Many people praise Usov for his courage. On YouTube, user slafkorood wrote [uk]:
I can imagine what it took Usov and his team [to make this film], his work will never be in vain, he is a brave person, if only there were more people like him.
Many are concerned for the journalist's safety. On Facebook, Roman Plechun wrote [uk]:
Kostiantyn, aren't you afraid that “the regime” will come after you? I'd just like to understand how you found courage for this!?
YouTube user BenderZT wrote this [ru] about the main implication of the film:
A good phrase as [the film's] conclusion, that [Lukyanivska prison] is a micro-model of the country. Very sad to realize this…
Facebook user Yevgeny Titorchuk wrote [ru]:
[…] Hard to watch it and see all the horror and meaninglessness of the system that is indifferent to the human being. And the most terrible thing is that this system has been created by human beings and is being maintained by human beings too.
On Usov's Ukrainska Pravda blog, Facebook user Lyubomyr Drozdovskyy offered this explanation [uk] for the shocking cruelty of life at Lukyanivska shown in the film:
Actually, financial gain [of the prison staff] isn't the only reason for such horrible conditions at the SIZO. The other goal of the SIZO is to create conditions so unbearable that a person would be basically begging to be transferred to [the real prison], where the conditions are somewhat better after all. Say, there is someone whose case lacks any evidence needed to prove guilt, but [the authorities need to convict this person for their own benefit, to improve the statistics of solved cases, for example]. So they put this person into the SIZO, and after a few months of what in fact is torture, [he or she] is ready to testify against [him/herself], submit a self-incriminating statement, admit guilt completely – just to have a chance to get out of the SIZO, even if it means getting out to [prison].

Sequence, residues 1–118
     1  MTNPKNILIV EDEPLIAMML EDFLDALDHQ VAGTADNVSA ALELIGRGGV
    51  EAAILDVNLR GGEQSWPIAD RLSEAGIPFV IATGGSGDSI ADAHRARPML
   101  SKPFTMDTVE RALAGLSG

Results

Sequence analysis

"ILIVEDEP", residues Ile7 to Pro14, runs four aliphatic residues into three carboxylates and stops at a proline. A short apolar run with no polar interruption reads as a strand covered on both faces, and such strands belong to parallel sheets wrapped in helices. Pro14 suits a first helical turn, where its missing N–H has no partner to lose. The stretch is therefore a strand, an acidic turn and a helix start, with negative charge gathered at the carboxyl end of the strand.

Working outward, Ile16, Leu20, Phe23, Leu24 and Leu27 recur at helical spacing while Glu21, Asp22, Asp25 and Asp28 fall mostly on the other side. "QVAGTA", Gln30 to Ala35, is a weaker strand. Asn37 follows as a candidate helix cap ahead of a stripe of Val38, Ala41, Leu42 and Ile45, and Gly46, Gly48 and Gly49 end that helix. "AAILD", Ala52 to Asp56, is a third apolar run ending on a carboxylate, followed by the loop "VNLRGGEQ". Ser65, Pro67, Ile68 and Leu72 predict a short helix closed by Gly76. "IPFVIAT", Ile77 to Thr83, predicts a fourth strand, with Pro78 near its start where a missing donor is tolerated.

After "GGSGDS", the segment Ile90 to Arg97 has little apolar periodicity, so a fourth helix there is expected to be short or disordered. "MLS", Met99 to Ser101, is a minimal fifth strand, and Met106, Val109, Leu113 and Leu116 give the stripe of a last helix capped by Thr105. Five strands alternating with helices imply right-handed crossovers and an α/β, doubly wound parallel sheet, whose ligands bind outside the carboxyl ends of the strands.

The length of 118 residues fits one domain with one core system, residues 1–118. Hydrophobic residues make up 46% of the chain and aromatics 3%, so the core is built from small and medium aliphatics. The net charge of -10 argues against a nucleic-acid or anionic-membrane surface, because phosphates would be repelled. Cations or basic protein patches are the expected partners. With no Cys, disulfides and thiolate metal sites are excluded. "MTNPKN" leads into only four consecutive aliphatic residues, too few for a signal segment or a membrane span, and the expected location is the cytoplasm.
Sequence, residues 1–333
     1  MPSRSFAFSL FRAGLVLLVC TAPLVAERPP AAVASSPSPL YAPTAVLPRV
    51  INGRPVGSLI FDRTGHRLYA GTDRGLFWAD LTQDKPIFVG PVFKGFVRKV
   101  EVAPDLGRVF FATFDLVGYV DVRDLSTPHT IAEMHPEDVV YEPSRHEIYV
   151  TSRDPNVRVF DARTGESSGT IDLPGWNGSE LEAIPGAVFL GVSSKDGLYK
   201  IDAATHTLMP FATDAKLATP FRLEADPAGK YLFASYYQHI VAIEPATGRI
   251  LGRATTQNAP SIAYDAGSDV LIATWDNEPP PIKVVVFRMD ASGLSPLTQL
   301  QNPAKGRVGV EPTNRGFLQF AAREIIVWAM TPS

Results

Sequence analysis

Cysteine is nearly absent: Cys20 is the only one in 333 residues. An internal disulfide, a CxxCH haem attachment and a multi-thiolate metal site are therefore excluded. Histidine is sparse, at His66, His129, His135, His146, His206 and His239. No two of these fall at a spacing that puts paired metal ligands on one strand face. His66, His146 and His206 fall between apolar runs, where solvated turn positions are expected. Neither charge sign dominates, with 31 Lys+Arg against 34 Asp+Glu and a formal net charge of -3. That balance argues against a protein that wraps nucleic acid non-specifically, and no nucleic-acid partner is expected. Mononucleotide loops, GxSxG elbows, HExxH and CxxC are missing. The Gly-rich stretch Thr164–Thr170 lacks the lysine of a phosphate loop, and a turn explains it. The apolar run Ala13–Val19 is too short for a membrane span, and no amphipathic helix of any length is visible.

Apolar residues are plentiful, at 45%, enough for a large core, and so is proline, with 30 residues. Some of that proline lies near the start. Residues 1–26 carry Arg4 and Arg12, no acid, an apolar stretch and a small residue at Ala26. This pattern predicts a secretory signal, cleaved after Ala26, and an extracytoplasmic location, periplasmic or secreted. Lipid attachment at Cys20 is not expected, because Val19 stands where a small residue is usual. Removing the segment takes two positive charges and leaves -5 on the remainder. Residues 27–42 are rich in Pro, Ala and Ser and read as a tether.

In another comment on Usov's Ukrainska Pravda blog, user skilachi wrote this [uk]:
Almost everything is the way it was eight years ago. I still remember each of the 254 days [that I spent there]. […] Upon my release I wished for this: that every future employee of the [Ministry of Internal Affairs], prosecutor's office, court or any other entity that locks people up, had an “internship” for at least a few months at this facility prior to [assuming their positions in law enforcements and the judiciary]. Maybe then they'd view the use of preventive measures towards suspects and the accused differently. But this is just [wishful thinking]. To those who have been through this hell, my best wishes of health. To those who fail to avoid this, remember to always remain human beings.
There seems to have been no reaction from the authorities to Usov's film yet. The State Penitentiary Service of Ukraine, however, issued a statement [uk] through its press service on April 2, which reads like a “preemptive strike” type of message to journalists like Usov:
Kyiv SIZO – the most interesting facility for the mass media
Recently, there have been more and more information, commentaries and random stories appearing in the mass media about the work of the [Penitentiary Service] facilities. The majority of these stories comment on the conditions in which the arrested and convicted persons are being kept, as well as on the actions by the penitentiary facilities’ staff.
The analysis of the publications and [films] shows lack of competence and objectivity, and sometimes outright unhidden bias of the journalists […]. Due to this, [penitentiary service representatives] systematically refute the published information or provide additional commentary on it. […]
As for Lukyanivska prison's most recent international exposure, LEvko of Foreign Notes links to this Kyiv Post item on the April 3 meeting of Freedom House representatives with one of the SIZO's highest-ranking current inmates, ex-minister of internal affairs Yuri Lutsenko. LEvko writes:
[…] The Freedom House guys who visited Yuriy Lutsenko at the prison on Tuesday should check out [Usov's] video….After their visit: “The [Ukrainian] State Penitentiary Service stressed that the visitors noted that Ukraine took measures to bring conditions for detention and medical treatment for detainees in line with international standards.”
You f***ing liars…